Having just returned from development work along the Zimbabwean-Mozambican border, I must add an even more dour note to your recent assessment of the repatriation process in the article ``UN, Mozambique Begin Massive Repatriation,'' Aug. 11.
The security situation in Mozambique remains tenuous, largely because of the refusal of the the Mozambique National Resistance Movement (Renamo) to abide by the terms of the peace negotiations. The withdrawal of Zimbabwean troops has enabled rebel groups to reclaim control of many areas, and now they are demanding ``taxes'' from returning residents. An estimated 2 million land mines also threaten local villagers - not just along roads and footpaths, but also hidden near springs, fruit trees, and gardens.
A brisk border trade certainly does exist between Zimbabwe and Mozambique. Unfortunately, much of this activity is fueled by corruption and organized crime. It is disturbingly easy to purchase stolen food aid, poached elephant ivory, or AK-47 assault rifles, thanks to enterprising capitalists. Mozambique's long nightmare is not over yet, and the West's continued complacency towards a bloody conflict it foolishly created hardly helps. John E. Peck, Madison, Wis. N. America - not a mirror to EC
The Opinion page article ``Opposition to NAFTA - Nothing But Old Status Quo,'' Sept. 2, misrepresents reasons for opposition to the North American Free Trade Agreement (NAFTA). The author says that the opposition ``is terrified of change and of the unkown'' and ``the issues are poorly understood.'' On the contrary, the opposition understands all too well what NAFTA will mean to the US and wants a fair trade agreement instead.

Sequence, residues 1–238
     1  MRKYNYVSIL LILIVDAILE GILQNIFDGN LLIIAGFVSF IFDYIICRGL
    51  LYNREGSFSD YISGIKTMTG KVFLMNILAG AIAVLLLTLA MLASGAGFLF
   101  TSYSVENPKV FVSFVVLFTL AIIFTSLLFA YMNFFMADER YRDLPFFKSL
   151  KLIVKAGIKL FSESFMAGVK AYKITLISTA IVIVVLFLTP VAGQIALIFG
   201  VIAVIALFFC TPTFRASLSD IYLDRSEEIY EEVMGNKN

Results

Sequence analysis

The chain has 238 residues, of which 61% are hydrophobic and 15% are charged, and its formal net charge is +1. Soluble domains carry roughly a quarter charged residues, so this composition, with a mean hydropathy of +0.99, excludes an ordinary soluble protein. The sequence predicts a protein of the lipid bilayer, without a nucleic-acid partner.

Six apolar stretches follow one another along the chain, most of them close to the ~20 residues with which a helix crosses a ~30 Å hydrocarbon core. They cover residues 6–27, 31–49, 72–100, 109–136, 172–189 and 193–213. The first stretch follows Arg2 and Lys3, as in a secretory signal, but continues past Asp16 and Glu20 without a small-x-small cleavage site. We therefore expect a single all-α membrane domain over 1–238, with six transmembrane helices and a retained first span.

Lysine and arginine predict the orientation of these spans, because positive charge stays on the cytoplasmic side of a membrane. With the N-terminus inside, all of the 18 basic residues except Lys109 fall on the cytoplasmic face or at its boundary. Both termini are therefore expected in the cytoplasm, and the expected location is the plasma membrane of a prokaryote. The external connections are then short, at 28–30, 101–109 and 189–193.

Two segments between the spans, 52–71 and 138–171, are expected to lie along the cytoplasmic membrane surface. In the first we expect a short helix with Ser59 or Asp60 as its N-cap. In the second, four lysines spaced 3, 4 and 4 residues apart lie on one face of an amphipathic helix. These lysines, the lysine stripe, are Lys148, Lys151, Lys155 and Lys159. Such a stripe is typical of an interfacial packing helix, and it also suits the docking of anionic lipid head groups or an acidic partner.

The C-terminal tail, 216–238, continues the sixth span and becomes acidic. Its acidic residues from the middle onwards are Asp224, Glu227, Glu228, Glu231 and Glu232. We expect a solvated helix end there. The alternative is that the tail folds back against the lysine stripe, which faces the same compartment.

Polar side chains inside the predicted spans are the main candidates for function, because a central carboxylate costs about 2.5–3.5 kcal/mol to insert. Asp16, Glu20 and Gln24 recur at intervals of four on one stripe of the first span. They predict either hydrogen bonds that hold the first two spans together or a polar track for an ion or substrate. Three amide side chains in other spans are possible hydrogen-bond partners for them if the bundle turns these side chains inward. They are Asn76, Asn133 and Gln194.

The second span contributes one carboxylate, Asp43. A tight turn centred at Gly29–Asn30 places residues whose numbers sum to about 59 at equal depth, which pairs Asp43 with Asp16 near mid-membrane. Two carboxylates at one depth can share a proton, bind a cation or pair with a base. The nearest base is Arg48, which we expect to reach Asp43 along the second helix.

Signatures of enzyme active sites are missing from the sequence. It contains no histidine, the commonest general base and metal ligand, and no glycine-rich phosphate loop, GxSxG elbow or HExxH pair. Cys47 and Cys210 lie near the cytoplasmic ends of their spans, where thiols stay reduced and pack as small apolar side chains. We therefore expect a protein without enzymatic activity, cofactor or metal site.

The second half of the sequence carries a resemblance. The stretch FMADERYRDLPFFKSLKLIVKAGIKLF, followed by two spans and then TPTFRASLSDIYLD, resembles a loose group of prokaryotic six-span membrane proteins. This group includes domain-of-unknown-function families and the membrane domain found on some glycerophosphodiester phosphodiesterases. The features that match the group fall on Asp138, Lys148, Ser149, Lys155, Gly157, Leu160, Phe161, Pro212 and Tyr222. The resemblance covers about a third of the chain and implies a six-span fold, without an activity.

Supporters of NAFTA point to the European Community (EC) as a bloc that has successfully removed trade barriers, but they fail to discuss how this was accomplished. To join the EC, a nation must be a working democracy, have per capita income close to the EC average, and have decent working conditions and environmental standards. In the past, the richer members also provided billions of dollars to assist the poorer candidate nations. NAFTA does not have similar conditions, and the recently negotiated agreements do not provide sufficient safeguards for the Mexican worker or for the Mexican environment. Instead of NAFTA, let's join together to work for a fair trade agreement that benefits the workers, business, and the environment in all three countries. Ronald Forthofer, Longmont, Colo. As Kermit once said
Regarding the article ``The Environment's New Clothes,'' Aug. 19: The United States' garment industry should be applauded for showing some sensitivity to its ecological impact. Unfortunately, we are enculturated to believe that being stylish is more important than our savings account. Selling ``green'' clothes to such a clientele will not be easy.
``Buy less'' and wear less variety is a good prescription, but also anti-American. My daughter was amazed when she lived in Sweden that her stylish roommate would wear the same clothes for days until they got dirty.
As engineering faculty, I attend many meetings that are populated largely by ``appropriately dressed'' men. For summer conferences, I have to bring extra clothes for the air-conditioned meeting rooms that are adjusted to accommodate suit coats and ties. A large immediate impact on energy consumption could be achieved if people would dress in cool clothes for the hot months. The temperature in thousands of office buildings and meeting rooms could be increased at least 10 degrees. How much longer can we afford to let cultural values regulate our energy use? Jenifer Taylor, Alfred, N.Y. Assoc. Prof. of Ceramic Engineering Alfred University